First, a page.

Worms are incredibly hard workers in a permaculture system. They help to break down kitchen and garden waste, facilitate composting, and create a magnificent nutrient-rich goo affectionately referred to as “worm juice”. When introduced into your garden soil, they directly fertilize your plants, though I don’t think they survive the winter here.
I decided to build a worm farm to help me digest my kitchen waste during the winter. My compost bin has so far been the repository of these goodies, however, in winter, food scraps just sit on top of the pile, freeze, get covered in snow, and repeat. Composting doesn’t really get going again until the whole pile thaws, which takes a while. It would be really nice to get a jumpstart on spring nutrients!
I used two Rubbermaid bins of the same size, in this case 10-gallon. To allow for air flow, I drilled holes in the top bin only – about 15 holes in the lid, about 20 holes around the side (nearer the top), and about 6 holes on the bottom with a 1/8″ drill bit. This size is good to keep worms and debris from leaving the bin, but will not clog easily.
The bottom bin stays intact so that it can catch the valuable worm juice and not leak all over your floor! I used scrap wood blocks to elevate the top bin from “sealing” onto the bottom bin, providing more airflow. You can use anything for this that stands tall enough. I’m guessing I’ll have to replace my blocks at some point because they’re not treated, but I didn’t want treated lumber anywhere near my plant fertilizer. If you have extra plastic or glass containers, this would probably work better.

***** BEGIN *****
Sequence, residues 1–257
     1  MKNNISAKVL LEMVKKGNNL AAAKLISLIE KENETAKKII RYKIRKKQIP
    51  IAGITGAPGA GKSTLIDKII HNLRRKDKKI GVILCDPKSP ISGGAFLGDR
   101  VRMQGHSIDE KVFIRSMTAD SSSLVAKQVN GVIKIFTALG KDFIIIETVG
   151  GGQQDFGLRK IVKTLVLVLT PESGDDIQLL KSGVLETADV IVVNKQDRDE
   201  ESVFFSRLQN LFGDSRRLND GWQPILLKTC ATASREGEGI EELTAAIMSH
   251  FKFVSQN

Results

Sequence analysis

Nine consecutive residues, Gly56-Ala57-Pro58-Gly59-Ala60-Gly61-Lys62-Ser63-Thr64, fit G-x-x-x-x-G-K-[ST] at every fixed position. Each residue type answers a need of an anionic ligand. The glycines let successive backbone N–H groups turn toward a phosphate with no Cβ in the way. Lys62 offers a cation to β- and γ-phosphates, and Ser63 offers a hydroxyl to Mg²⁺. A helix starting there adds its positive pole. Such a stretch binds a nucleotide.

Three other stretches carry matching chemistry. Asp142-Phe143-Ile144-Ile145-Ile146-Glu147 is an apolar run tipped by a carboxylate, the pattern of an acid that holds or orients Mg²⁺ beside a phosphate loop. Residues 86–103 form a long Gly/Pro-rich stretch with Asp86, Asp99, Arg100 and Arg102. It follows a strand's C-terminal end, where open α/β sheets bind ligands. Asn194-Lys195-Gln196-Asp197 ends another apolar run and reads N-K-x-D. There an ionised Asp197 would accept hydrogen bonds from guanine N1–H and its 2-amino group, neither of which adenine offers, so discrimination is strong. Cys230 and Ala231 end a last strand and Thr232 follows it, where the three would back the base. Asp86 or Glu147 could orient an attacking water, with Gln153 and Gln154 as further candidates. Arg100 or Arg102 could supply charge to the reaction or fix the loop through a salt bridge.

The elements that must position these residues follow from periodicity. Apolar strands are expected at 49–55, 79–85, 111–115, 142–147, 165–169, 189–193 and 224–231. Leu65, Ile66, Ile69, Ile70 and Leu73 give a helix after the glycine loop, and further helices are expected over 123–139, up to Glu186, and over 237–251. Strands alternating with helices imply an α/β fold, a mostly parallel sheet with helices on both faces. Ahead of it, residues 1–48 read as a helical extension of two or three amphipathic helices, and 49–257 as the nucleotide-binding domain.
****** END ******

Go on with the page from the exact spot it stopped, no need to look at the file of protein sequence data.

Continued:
Next – collect cardboard and newspaper for your brown waste component of the system. Shred it to make it more easily digestible for the worms. Prep plenty!
Lay in a thick layer of cardboard and newspaper, then add some kitchen scraps. Worms prefer fruits and veggies – a good excuse for you to start eating more! Try to avoid putting in starchy foods, citrus, and onions, and never put in meat, dairy products, or oil. You can add a little soil to provide some “grit” for the worms – they use it to digest more readily. Create a mini lasagna garden in your bin – a layer of cardboard and newspaper followed by food scraps.
When you’ve done a few layers, mist the top with water, so that it is damp, but not wet. Add more food scraps, and another layer of cardboard/newspaper, then wet again.
Now, let it rot! Allowing the mixture to sit around for 1-2 weeks preps it for the worms, and gives it a good kickstart. Of course, you can add worms right away, but unfortunately no one is carrying them in Fairbanks right now. I can’t even find them on Craigslist! I think my worm farm will be nice and ready by the time its residents move in…Have fun, and go get some worms!